Escapism is something SURFER is pretty good at—we’ve been doing it for 60 years now, after all. From the first cover shot of Jose Angel charging down a Sunset Beach slope to the teepee fronting snow-covered mountains just a few issues back, SURFER has always excelled at providing fantasy fodder. “Insert Self Here,” would have probably worked fine as the cover blurb on every single issue. This issue is all about the act of escaping and our particular knack for it as surfers. And while this wasn’t the issue we had planned before the pandemic hit, it wasn’t exactly a hard pivot, either. In keeping with our anniversary-volume theme of paying homage to past covers, the obvious choice for this issue’s page one was a nod to surfing’s ultimate escape artist, Craig Peterson, who created one of SURFER’s dreamiest cover shots in 1984 when he captured Kevin Naughton leaping from a dinghy into a Fijian fantasy. Our modern version, shot by Nick Liotta at the very same break 36 years later, feels like a natural progression: the bow now empty, its former occupant driving through a crystal cylinder.
As you flip through these pages you’ll find what I hope is the appropriate mix of features that both acknowledge this moment and provide some kind of escape from it. “A World Away” is a personal essay from New York City-based writer Owen James Burke, who went on a wave chase thousands of miles from home just before the Big Apple got turned upside down, and faced some understandable inner conflict surfing by himself in paradise. “The Greatest Escape” is a beautiful photo feature paired with quotes from surfers about how wave riding has helped them cope with all sorts of strife. “Four Things to Make You Feel a Little Less Shitty About Everything” is exactly what it sounds like.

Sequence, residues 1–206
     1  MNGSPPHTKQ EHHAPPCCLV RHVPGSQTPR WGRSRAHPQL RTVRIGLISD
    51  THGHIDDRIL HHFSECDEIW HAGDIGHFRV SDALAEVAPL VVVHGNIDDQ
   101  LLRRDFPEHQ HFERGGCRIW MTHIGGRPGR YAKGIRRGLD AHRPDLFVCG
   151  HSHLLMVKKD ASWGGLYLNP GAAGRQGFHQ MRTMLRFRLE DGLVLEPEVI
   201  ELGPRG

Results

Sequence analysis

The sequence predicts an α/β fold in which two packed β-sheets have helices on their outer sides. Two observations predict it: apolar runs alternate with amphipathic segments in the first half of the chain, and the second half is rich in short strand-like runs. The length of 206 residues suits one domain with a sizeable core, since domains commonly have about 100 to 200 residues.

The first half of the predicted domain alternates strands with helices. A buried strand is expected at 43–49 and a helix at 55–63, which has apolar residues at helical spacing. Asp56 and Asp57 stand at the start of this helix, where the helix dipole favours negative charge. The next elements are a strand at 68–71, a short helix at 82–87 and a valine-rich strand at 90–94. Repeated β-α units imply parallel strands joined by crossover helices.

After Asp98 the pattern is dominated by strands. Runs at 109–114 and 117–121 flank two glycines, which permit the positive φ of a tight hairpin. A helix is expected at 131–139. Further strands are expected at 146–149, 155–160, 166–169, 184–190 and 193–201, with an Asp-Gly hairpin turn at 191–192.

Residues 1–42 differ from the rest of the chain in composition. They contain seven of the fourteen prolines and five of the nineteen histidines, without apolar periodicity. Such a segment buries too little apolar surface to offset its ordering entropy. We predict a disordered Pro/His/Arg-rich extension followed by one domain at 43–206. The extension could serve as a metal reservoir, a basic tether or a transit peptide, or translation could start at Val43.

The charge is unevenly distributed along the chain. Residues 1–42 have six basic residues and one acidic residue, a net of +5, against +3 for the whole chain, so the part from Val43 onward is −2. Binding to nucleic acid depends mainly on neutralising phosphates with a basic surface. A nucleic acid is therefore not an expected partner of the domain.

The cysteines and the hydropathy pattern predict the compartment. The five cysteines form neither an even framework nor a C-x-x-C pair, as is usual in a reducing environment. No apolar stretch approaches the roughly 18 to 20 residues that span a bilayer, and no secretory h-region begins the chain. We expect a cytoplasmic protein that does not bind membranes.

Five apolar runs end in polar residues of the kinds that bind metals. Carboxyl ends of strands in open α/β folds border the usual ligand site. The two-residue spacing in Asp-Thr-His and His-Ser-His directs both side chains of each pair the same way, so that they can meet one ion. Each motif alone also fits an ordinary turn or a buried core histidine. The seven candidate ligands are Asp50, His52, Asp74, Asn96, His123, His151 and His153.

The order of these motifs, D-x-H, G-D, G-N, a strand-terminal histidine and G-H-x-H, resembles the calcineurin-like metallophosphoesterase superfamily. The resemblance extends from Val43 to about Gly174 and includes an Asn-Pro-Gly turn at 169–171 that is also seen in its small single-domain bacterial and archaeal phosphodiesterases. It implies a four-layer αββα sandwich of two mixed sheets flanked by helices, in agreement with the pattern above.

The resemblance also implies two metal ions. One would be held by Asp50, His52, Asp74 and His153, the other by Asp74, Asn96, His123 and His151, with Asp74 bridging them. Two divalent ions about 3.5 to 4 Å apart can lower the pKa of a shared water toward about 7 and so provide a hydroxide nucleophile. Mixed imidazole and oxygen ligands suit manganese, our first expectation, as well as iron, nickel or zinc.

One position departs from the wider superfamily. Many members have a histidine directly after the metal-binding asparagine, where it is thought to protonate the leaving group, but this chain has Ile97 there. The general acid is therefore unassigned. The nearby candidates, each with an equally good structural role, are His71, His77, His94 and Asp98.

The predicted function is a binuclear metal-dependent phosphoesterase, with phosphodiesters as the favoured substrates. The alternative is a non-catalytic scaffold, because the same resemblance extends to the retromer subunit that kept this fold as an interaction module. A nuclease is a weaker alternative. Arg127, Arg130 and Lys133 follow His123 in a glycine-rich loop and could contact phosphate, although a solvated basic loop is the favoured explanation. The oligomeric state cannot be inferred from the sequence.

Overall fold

You’ll also find a story about Italo Ferreira and Brazil’s rise as a competitive surfing superpower, as well as an essay about what the successful Fight for the Bight campaign means for the future of Australia’s coastlines. Neither have much to do with COVID-19, which is just as well. I’m guessing you didn’t come to SURFER hoping for front-to-back pandemic coverage—probably just the opposite, in fact.
It’s very unclear when things will go back to “normal” — a term that seems increasingly difficult to define. In the meantime, we should consider ourselves lucky to be surfers, to have dependable methods of escape in difficult times. Usually we just go surfing. Sometimes all we can do is read about it, look at it, mindsurf it. It’s certainly better than nothing.
When surfing was still restricted in San Diego, one of my favorite means of mental escape was a recurring conversation with my surf buddies. It was always some version of, “Where should we go when all this is over?” We talked about different breaks near and far, getting into the details of the conditions we’d be looking for in each case. What’s funny is how little those details actually mattered once we were able to get back in the water. When you haven’t surfed in a month, it doesn’t matter where you go or how good the waves are. Just being in the ocean is the greatest escape there is.
[Below, get a sneak peek at what’s inside our spring issue, on newsstands now.]